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Malcolm Turnbull regrets backing Peter Dutton over 'African gangs' comments

Former Prime Minister Malcolm Turnbull. Source: SBS News

Malcolm Turnbull has accused Peter Dutton of making offensive comments about young African-Australians and Tony Abbott of demonising Muslims in an attack on his former Liberal colleagues.

Former prime minister Malcolm Turnbull says he regrets trusting Peter Dutton and condemned his rhetoric about a series of crimes linked to Australians of African heritage.

Mr Turnbull unleashed on his former Liberal colleagues in an interview with SBS News following the release of his memoir, A Bigger Picture, recounting his four decades as a major figure in Australian public life.

He admitted he held concerns about Mr Dutton’s repeated warnings "African gangs" were allegedly terrorising people in Melbourne.

"The answer is no I wasn’t (happy) ... it may be that I was being too understanding - too trusting perhaps," he said.

“But I often attributed Dutton’s sometimes offensive remarks to verbal clumsiness and awkwardness, or as he often used to do, he would get on programs with shock jocks like Jones or Hadley or Bolt and they would sort of lead him into agreeing with them."

Former prime minister Malcolm Turnbull with his then Treasurer Scott Morrison.
Former prime minister Malcolm Turnbull with his then Treasurer Scott Morrison.
AAP

Mr Dutton seized on a series of 2018 crimes linked to Australians of African heritage in Victoria, describing them as "African gangs" and suggesting Victorians were "scared to go out".

At the time, Mr Turnbull backed his then-immigration minister saying there was "a gang issue here and you are not going to make it go away by pretending it doesn't exist". 

Mr Turnbull said Mr Dutton was “not the apologising type” when asked whether he should have given a public apology on his statements.

"You often try to encourage them to moderate remarks or not repeat remarks - and do so privately," he said.

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Mr Turnbull was ousted in a leadership challenge led by Mr Dutton in 2018 which he has since described as a “right-wing” insurgency. 

Before that, it was Mr Turnbull who expanded Mr Dutton's responsibility and power in the Cabinet, promoting him to head of the new Department of Home Affairs.

Minister for Home Affairs Peter Dutton.
Minister for Home Affairs Peter Dutton.
AAP

The super-portfolio, founded in December 2017, gave Mr Dutton ownership of departments from border protection, to immigration, multicultural affairs and the nation's security agencies.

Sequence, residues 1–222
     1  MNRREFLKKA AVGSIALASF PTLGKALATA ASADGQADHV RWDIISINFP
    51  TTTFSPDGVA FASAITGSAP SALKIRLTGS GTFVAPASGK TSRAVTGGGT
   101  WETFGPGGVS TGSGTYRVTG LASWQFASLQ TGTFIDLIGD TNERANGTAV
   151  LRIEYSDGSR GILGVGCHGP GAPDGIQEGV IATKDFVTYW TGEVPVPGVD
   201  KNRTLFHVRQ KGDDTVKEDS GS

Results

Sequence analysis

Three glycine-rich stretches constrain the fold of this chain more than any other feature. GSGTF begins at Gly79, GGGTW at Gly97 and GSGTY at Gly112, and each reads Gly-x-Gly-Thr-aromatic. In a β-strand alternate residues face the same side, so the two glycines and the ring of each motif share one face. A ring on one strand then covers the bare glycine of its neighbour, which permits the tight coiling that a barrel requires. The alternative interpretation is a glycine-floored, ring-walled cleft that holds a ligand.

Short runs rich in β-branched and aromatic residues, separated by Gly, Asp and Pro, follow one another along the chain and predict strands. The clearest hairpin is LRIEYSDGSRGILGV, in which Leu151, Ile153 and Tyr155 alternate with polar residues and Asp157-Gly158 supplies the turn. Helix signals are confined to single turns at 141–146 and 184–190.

Mr Turnbull said in hindsight Mr Dutton had not proven himself to be “up to the job”.

“I do defend the reform - whether I should have trusted Dutton is a very good question and subsequent events suggest I was mistaken in placing my trust in him,” he said. 

Mr Dutton's office has been contacted for comment.

Tony Abbott’s government accused of ‘demonising Muslims’

Mr Turnbull has also accused the government led by his predecessor Tony Abbott of “demonising Muslims” through its own rhetoric on extremism.

“I felt they were demonising Muslims in the sense they were … that all Muslims were being blamed for the actions of a very tiny number of extremists,” he said. 

Mr Turnbull brought Mr Abbott’s prime ministership to an end in a leadership challenge of his own in 2015 beginning his three-year reign in the top job. 

He warned there remained a “very strong” anti-Muslim sentiment among parts of the media and politicians trying to “divide Australians”.

“Now if you want to maintain the success of this nation as the most successful multicultural society in the world - leaders have to absolutely push against that and embrace all Australians,” he said. 

Mr Turnbull said there was evidence of growing intolerance in countries around the world and Australia can’t take its enduring multicultural success for granted. 

“In a multicultural society you have to emphasise all the time inclusion and embrace Australians of every background,” he said. 

“But we can’t take that for granted. I mean our Australian project is a remarkable one - but we cannot take its endurance or success for granted.” 

Mr Turnbull’s memoir recounts his life story from a childhood growing up with a single parent, to lawyer for Kerry Packer, head of the Republic Movement, Opposition leader and then prime minister. 

It includes raw testimony about falling into depression after losing the Liberal leadership in 2009, which he described as a "very dark time".

Mr Turnbull said he wants his legacy to be one of helping Australia "better realise its destiny". 

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